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Archive for November, 2009

(Editor’s note: this article can also be viewed on CRI’s Issues page.)

The high-profile Chicago case should be viewed through the prism of the original intent of the Constitution. The nearly 1,000 state lawmakers, 38 Attorneys General, numerous academics and overwhelming, bipartisan majority of members of the U.S. House of Representatives and the U.S. Senate who have signed amicus curiae briefs supporting the case are upholding the idea that the United States Constitution applies to all levels of government and every individual, as intended by the Founders.

By David T. Hardy, Esq.

Foundations of the Union

In 1775 the American Revolution began, a struggle fueled by belief that the British government was depriving the colonists of their rights as Englishmen – the right to vote on taxation, to be tried by jury and to be protected against random search and seizure. The conflict ignited when the British tried to seize militia arsenals in Massachusetts and in Virginia – to the Americans, this made it clear they were to be made powerless and enslaved.

The new States fought almost all the Revolution with a Continental Congress but no formal agreement. The first such agreement, the Articles of Confederation, was not ratified until 1781. The Articles provided for a weak central government. Each State got one vote in Congress, and any major decision took a 2/3 majority. Budgets were met by asking money or supplies from the States, which often refused, leaving American armies unpaid and unfed for extended periods.

A Proposed Constitution

The Articles had no enforcement provisions, and so States did as they willed – refusing to contribute funds, or violating treaties, or taxing imports.  Congress eventually agreed to summon a convention to propose strengthening amendments to the Articles.

This 1787 convention instead drafted an entirely new constitution, enormously increasing Federal powers to tax and spend, to regulate interstate and foreign commerce, to negotiate treaties and to establish an army and navy. It had federal courts and an executive branch to enforce decisions. State conventions were asked to ratify the agreement; once nine agreed, it would bind them, and others if they later ratified.

George Mason of Virginia proposed to add a bill of rights to the new charter, but the convention, in its greatest mistake, rejected the idea. Mason and others refused to sign the constitution and returned home to oppose its ratification. (Those supporting ratification are today called federalists, and those opposing it, antifederalists).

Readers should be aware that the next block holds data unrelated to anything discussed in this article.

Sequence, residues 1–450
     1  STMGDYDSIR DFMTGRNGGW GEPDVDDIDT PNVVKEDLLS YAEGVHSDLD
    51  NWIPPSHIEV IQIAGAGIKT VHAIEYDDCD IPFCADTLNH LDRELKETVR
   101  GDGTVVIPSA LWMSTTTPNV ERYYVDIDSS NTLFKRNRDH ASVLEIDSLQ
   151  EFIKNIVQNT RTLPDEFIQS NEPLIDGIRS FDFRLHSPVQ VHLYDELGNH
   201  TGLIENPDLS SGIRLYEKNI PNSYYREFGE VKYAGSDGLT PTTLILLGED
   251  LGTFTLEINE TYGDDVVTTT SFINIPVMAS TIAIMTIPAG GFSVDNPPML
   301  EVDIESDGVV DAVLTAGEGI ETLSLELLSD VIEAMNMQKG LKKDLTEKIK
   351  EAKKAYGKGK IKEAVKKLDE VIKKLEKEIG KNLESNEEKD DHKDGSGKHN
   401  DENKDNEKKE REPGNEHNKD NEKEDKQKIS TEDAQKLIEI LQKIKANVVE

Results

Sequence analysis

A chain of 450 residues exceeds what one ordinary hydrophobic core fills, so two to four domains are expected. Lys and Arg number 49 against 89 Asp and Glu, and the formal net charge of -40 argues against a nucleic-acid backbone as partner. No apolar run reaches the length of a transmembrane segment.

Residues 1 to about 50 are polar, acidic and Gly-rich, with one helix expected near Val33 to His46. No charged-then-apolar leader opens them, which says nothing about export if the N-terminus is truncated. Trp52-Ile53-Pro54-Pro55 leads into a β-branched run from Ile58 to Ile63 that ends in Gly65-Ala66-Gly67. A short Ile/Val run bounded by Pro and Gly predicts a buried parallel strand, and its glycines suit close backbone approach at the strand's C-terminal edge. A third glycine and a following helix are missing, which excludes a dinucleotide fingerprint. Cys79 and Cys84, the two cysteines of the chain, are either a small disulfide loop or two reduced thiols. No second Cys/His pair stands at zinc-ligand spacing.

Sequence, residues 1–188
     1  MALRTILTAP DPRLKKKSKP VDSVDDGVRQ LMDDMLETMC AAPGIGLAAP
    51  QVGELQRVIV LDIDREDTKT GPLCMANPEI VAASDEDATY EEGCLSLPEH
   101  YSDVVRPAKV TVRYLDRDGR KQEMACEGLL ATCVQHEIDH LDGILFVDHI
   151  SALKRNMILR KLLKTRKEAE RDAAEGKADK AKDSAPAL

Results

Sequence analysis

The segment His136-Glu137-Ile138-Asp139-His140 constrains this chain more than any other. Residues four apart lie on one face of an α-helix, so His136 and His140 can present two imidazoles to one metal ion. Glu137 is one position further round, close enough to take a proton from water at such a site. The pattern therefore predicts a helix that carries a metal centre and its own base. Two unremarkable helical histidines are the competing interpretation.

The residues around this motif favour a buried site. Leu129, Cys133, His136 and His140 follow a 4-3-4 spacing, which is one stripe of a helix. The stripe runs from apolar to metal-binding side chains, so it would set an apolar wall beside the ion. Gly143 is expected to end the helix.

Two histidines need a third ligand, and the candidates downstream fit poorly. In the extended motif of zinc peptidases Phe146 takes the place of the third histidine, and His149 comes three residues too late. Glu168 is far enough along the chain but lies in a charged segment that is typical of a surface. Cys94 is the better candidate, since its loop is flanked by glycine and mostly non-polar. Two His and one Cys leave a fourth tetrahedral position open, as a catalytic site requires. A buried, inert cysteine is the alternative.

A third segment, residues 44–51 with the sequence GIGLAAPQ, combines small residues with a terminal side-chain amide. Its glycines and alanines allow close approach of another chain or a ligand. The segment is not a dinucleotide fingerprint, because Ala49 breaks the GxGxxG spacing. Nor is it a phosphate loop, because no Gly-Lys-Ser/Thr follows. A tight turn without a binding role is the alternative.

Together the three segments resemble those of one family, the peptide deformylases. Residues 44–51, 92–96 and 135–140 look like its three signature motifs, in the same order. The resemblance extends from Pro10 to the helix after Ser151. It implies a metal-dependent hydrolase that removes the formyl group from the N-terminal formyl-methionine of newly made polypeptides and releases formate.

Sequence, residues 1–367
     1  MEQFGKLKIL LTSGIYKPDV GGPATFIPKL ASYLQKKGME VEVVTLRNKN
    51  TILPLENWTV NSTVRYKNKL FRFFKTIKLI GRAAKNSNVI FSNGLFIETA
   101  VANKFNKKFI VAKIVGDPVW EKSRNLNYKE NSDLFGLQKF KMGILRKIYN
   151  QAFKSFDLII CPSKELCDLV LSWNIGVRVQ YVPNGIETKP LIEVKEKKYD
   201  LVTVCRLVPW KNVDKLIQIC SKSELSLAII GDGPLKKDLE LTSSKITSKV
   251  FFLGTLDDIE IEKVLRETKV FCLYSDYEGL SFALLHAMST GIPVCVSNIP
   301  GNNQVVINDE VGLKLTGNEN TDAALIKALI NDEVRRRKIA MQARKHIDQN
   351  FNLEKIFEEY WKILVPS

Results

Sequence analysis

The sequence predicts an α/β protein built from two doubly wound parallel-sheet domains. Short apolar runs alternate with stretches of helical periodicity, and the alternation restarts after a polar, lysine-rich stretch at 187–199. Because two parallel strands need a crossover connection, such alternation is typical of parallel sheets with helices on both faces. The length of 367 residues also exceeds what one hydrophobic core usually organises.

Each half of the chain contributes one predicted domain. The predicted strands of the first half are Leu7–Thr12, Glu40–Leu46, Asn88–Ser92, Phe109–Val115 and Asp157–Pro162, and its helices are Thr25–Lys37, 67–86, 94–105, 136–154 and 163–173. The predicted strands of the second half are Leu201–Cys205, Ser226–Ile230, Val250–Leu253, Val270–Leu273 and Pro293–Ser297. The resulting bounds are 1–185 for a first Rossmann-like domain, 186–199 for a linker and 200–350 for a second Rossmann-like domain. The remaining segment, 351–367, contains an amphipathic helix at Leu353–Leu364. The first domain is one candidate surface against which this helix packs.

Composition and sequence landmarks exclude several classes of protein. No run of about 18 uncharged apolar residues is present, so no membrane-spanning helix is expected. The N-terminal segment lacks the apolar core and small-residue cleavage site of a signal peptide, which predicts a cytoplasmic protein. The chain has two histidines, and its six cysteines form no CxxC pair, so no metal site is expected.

Antifederalists argued that Americans had just thrown off a distant, powerful central government – King George and his Parliament – which had ignored their rights.  This new, untried, national government might go down the same path, especially since it had no bill of rights. Why had the convention spent so much effort giving power to government, without putting limits on it, or protecting their natural rights? When the Constitution got its required 9th vote, from New Hampshire, it came with a compromise: the State ratified but demanded that a national bill of rights be added on.

The Constitution now bound the States that had signed on, but several (including powerful Virginia and New York) still had not ratified. Both States followed the New Hampshire pattern, ratifying while providing a list of amendments that they demanded Congress adopt.

The Bill of Rights

In the ratifying debates, and in his contributions to the Federalist Papers, James Madison had argued that no bill of rights was necessary, since Congress would only have what powers were delegated, and nothing in the Constitution said it could suppress free speech, establish a church, etc. (Madison probably knew this was a weak argument; the spending power could create a church, powers over interstate commerce could suppress newspapers). He also argued that bills of rights were just “parchment barriers” which legislatures would violate at will.

As a Representative in the First Congress, however, Madison became the champion of a bill of rights. Madison had probably pledged to work for a bill of rights in the Virginia ratifying convention; he had clearly promised to do so during his election campaign, and he was an honorable man. He and Jefferson had also debated the question in correspondence, and Jefferson had argued that even a “parchment barrier” is useful; if the people are to resist invasions of their rights, by voting or by more direct means, they should start with a written agreement as to what those rights were.